The wall of a home, second only to the roof, is crucial for protecting a dwelling. Early humans who lacked caves would cover frameworks with hides or stack rocks to fend off the elements. In some regions, a lime paste was mixed with sand to fill holes in rock walls. During long winters, people decorated their dwellings with pictures and storyboards on the walls to tell stories or depict animals. 

The Fire of London

Plastered walls became popular in Europe after the Great Fire of London in 1666 as a firebreak. Until the invention of Portland cement, Plaster of Paris was widely used for ornamental work.

Plastered Walls Became Standard

Reinforced with fibres like horsehair, plastered walls became standard for interior walls from the 1800s until after World War II. A plastering crew typically takes two weeks to finish an average two-story home, after which the wall must cure before painting. 


During World War II, gypsum board, or “sheetrock,” emerged as a quickly-built housing solution for factory workers and military personnel. After the war, gypsum board walls became standard, leading to a decline in the plasterer’s trade.

Decorative Features

However, plastering remained relevant for innovative features like crown mouldings, rounded archways, cornices, and ceilings, says Daniel Bates, from A modern twist on plastering, called veneer plaster, involves coating a special plasterer’s board with two 1/8″ layers of plaster. 

No Sanding

This treatment produces a wall with no marks, blemishes, or uneven textures, which is more durable and easier to paint than drywall. The process is also faster and cleaner than traditional plastering, as both layers can be completed in one day without sanding.

More Creative

However, plastering did not completely disappear and instead became more creative. Crown mouldings, rounded archways, cornices, and ceilings still require a plasterer’s touch. Additionally, a new practice called veneer plastering emerged, which involves using a gypsum board with a special coating that allows plaster to bond to it.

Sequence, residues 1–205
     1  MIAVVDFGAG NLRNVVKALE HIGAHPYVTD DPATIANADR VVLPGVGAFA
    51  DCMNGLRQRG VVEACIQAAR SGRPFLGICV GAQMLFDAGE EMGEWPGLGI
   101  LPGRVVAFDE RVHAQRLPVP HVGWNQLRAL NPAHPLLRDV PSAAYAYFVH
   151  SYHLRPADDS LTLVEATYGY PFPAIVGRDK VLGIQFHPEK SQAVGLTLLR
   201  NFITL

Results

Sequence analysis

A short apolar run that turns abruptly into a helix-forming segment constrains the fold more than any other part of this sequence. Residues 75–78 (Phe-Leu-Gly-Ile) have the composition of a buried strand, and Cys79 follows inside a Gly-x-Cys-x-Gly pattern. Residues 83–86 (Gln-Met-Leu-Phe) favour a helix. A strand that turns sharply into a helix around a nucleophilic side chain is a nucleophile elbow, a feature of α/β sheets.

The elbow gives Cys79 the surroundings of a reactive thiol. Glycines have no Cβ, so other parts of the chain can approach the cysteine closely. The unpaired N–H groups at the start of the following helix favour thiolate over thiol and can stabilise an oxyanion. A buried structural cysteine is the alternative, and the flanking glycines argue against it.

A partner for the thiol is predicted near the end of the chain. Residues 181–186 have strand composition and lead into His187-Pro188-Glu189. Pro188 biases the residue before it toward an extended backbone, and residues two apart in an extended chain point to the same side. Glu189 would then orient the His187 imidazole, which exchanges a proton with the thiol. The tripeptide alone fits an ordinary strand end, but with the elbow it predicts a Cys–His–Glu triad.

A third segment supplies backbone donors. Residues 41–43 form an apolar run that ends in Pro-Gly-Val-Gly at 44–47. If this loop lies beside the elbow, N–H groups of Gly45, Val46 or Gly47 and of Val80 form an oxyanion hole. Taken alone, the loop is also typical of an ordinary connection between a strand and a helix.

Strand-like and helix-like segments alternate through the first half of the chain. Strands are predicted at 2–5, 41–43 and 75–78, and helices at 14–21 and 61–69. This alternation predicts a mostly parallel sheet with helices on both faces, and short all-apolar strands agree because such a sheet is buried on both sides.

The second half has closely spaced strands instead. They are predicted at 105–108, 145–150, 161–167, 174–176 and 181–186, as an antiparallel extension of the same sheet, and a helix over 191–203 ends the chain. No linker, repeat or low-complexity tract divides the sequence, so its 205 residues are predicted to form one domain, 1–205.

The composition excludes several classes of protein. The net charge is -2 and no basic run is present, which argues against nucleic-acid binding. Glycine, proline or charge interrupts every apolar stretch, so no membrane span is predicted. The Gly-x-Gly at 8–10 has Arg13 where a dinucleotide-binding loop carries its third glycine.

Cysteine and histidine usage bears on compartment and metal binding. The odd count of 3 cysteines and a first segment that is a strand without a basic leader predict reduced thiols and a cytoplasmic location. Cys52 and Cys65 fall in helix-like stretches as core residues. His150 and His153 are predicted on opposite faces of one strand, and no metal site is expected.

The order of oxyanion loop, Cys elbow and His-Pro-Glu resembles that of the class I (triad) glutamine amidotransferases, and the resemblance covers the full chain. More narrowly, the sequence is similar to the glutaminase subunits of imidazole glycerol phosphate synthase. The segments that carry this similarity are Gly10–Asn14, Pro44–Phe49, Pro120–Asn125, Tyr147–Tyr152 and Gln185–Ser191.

Veneer Plastering Benefits

Veneer plastering offers a harder surface than gypsum board, resists dents and scrapes, and dries evenly, making it a desirable option for many people.

Advantages of Veneer Plastering Veneer plastering has two clear benefits over drywall – less dust and cost savings. The wet application of plaster and troweling produces a smooth surface with no need for sanding, resulting in minimal dust.

A one-coat veneer plastering system can save up to 75% of the time needed for a similar drywall finish. Drywall typically requires four finishing steps, including sanding, which creates a lot of dust.

Some plastering systems offer exceptional durability with compressive strengths of as much as 3,000 pounds per square inch, rivalling that of certain concrete mixtures. In contrast, drywall cannot match this strength.

Plaster systems also provide more decorating flexibility. Wall coverings can be applied to the plaster as easily as they can be applied to drywall, but plaster walls are easier to remove without causing damage.

Moreover, veneer plastering is cost-effective as it only costs about 25% more than drywall, adding only half a per cent to the overall cost of a construction project. Considering the long-term durability that veneer plastering provides, it offers excellent value for money.